There are four essential characteristics that make a successful product owner:
The product owner needs to be knowledgeable about the domain. By this it means two things: The product owner should understand the process the team is executing well enough to know what can be done and, just as important, what can’t.
The product owner has to be empowered to make decisions. Just as management shouldn’t interfere with the team, the product owner should be given the leeway to make decisions about what the product vision will be, and what needs to be done to get there.
The product owner has to be available to the team, to explain what needs to be done and why. While the product owner is ultimately accountable for the Backlog, there needs to be a constant dialogue with the team.
Four, the product owner needs to be accountable for value.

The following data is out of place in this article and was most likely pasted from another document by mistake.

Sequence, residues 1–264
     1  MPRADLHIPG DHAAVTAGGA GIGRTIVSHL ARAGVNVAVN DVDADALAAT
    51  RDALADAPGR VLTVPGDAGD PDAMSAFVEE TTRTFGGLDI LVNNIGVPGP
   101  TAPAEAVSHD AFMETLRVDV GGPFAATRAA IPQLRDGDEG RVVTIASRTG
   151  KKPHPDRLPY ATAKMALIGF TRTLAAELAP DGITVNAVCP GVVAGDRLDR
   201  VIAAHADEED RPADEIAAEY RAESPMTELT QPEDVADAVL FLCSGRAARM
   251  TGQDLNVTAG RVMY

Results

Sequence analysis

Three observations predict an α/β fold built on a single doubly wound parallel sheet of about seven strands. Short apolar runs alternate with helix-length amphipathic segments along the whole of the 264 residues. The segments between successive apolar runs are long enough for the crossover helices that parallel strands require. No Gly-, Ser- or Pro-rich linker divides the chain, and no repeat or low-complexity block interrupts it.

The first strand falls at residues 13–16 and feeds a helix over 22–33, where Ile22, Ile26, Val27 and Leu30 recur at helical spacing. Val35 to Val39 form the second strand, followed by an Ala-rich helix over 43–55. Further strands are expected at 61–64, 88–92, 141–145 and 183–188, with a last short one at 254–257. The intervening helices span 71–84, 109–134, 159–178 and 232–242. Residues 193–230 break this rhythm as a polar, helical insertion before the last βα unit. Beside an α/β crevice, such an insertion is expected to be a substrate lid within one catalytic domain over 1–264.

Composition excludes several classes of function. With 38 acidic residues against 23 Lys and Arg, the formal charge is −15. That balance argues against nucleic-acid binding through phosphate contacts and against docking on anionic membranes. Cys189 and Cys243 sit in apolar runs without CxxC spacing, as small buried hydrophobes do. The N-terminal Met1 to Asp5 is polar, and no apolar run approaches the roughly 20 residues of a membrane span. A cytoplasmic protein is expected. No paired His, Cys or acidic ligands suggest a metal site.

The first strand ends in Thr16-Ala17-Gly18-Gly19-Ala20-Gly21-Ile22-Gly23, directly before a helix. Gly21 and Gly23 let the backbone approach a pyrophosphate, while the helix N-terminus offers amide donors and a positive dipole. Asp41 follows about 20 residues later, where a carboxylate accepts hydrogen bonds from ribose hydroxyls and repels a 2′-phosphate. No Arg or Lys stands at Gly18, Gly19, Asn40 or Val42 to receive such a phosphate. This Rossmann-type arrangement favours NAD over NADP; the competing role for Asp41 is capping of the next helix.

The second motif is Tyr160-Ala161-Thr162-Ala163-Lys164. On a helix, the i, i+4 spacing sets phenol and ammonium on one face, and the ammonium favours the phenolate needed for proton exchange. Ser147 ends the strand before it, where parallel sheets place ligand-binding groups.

What Scrum does, by delivering a working increment, is give the product owner the ability to see how much value that increment creates, how people react to it. Then, based on that information, product owner can change what the team will do in the next sprint. This sets up a constant feedback cycle that accelerates innovation and adaptation, and enables the product owner to measure how much value is delivered. Everyone works toward the same goal and with the same vision: deliver real value as fast as possible.
No hidden agendas
One element of Scrum that’s often a prelude to achieving autonomy, mastery, and purpose is transparency. The idea is that there should be no secret cabal, no hidden agendas, nothing behind the curtain. Far too often in a company it isn’t really clear what everyone is working on, or how each person’s daily activity advances the goals of the company. Because the team knows what has been done and what still needs to be done, they can regulate themselves. They know what they have to do, they can see if a colleague is in trouble, if a story has been in the ‘doing’ column too long. The team can self-organise to defeat problems that become obvious once everything is transparent. the more connected people are to other people at work, the happier they are – and, apparently, the more productive and innovative as well.